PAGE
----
This firearm also has second strike capabilities meaning you can pull the trigger a second time to strike the primer again. This is less important today with the improved and more reliable ammo but if faced with a situation where racking the slide isn't an option its a nice to have.  Although I do want to comment that using the second strike capabilities on a misfire should only be done in dire circumstances. Instead I recommend a TRB (Tap, Rack, Bang).

Yesterday I took it to the range for the first time and used CCI Blazer Ammunition. I selected .380 Auto 95GR FMJ. This is perfect practice ammo since its about $.36/round. or $18 for a box of 50. I appreciate that the slide locks back on the last round of the magazine like bigger firearms. I let a friend of mine try it out as well and he had a little trouble with his larger hands. As the slide kicked back it clipped his hand a little.

This isn't a range gun. This is a personal protection professional duty pocket carry pistol with a limited range and should be treated as such. It has a very solid and quality feel that you would expect from Smith and Wesson. It's slim, small, rugged and reliable. I appreciated the feel of the grip combined with the finger grove magazine better then the flat butt magazine. It's important to keep in mind if anyone knew they would be in a gun fight they might choose something different. It certainly isn't a tack driving, knock down power pistol but for the comfort of concealability that a pocket firearm like this allows its a no brainer. After all the #1 requirement for a gun fight is having a gun.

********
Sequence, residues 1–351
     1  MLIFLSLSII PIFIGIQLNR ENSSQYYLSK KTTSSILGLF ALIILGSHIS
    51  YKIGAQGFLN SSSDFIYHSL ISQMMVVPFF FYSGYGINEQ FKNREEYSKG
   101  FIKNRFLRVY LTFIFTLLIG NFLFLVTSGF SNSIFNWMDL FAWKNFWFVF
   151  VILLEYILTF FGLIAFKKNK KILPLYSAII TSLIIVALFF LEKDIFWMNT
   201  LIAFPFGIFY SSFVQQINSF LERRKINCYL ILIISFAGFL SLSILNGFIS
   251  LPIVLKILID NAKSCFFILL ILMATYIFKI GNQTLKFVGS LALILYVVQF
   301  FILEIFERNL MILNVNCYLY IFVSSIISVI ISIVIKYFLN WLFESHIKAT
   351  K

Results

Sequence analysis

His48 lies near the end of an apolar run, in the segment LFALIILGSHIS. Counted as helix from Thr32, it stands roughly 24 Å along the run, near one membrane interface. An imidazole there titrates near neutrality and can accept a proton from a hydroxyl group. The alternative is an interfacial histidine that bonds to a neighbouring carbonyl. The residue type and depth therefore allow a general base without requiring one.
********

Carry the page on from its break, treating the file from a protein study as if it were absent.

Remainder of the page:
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Monday, March 14, 2016

Plant Nite @ Nu Café

Having done a couple Paint Nite's I thought we would try something a little different. Plant Nite is run by the same company as Paint Night and is a similar class style event where instead of painting a picture you build a unique terrarium of your own using supplied materials. Its a unique idea that we thought would be a fun evening activity.